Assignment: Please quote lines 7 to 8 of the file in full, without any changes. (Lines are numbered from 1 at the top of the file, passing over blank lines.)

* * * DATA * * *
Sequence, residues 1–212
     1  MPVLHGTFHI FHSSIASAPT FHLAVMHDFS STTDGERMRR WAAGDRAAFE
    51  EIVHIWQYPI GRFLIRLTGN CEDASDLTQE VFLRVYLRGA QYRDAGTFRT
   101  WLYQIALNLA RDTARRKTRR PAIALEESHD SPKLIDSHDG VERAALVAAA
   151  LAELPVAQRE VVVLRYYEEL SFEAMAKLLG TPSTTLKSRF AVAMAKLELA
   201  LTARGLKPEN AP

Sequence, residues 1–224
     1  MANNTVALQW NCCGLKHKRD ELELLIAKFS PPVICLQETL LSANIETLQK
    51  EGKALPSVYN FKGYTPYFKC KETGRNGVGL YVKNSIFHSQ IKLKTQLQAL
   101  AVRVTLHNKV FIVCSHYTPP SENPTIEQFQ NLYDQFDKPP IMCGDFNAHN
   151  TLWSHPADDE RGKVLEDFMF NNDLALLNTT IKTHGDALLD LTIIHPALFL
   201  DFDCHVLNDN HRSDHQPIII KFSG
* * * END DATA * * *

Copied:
Sequence, residues 1–224
     1  MANNTVALQW NCCGLKHKRD ELELLIAKFS PPVICLQETL LSANIETLQK